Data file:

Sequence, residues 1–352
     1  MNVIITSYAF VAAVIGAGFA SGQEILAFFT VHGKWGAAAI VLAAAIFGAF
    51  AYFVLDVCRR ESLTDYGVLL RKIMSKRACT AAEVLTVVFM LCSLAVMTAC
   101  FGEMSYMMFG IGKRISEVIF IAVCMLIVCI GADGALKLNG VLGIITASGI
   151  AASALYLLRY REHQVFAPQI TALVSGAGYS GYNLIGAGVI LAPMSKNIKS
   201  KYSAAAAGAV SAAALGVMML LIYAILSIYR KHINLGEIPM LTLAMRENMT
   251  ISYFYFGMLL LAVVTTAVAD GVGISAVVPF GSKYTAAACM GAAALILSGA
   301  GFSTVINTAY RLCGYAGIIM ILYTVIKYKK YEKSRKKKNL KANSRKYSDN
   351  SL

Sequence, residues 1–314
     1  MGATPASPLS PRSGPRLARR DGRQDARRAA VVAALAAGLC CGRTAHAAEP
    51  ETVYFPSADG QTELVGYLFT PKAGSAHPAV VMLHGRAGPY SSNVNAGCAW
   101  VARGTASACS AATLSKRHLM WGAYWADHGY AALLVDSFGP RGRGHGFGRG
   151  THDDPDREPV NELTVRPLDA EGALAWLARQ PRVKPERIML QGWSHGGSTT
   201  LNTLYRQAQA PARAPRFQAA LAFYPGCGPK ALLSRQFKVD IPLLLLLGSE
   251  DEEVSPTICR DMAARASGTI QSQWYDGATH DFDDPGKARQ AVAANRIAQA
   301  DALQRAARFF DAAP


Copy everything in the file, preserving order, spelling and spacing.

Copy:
Sequence, residues 1–352
     1  MNVIITSYAF VAAVIGAGFA SGQEILAFFT VHGKWGAAAI VLAAAIFGAF
    51  AYFVLDVCRR ESLTDYGVLL RKIMSKRACT AAEVLTVVFM LCSLAVMTAC
   101  FGEMSYMMFG IGKRISEVIF IAVCMLIVCI GADGALKLNG VLGIITASGI
   151  AASALYLLRY REHQVFAPQI TALVSGAGYS GYNLIGAGVI LAPMSKNIKS
   201  KYSAAAAGAV SAAALGVMML LIYAILSIYR KHINLGEIPM LTLAMRENMT
   251  ISYFYFGMLL LAVVTTAVAD GVGISAVVPF GSKYTAAACM GAAALILSGA
   301  GFSTVINTAY RLCGYAGIIM ILYTVIKYKK YEKSRKKKNL KANSRKYSDN
   351  SL

Sequence, residues 1–314
     1  MGATPASPLS PRSGPRLARR DGRQDARRAA VVAALAAGLC CGRTAHAAEP
    51  ETVYFPSADG QTELVGYLFT PKAGSAHPAV VMLHGRAGPY SSNVNAGCAW
   101  VARGTASACS AATLSKRHLM WGAYWADHGY AALLVDSFGP RGRGHGFGRG
   151  THDDPDREPV NELTVRPLDA EGALAWLARQ PRVKPERIML QGWSHGGSTT
   201  LNTLYRQAQA PARAPRFQAA LAFYPGCGPK ALLSRQFKVD IPLLLLLGSE
   251  DEEVSPTICR DMAARASGTI QSQWYDGATH DFDDPGKARQ AVAANRIAQA
   301  DALQRAARFF DAAP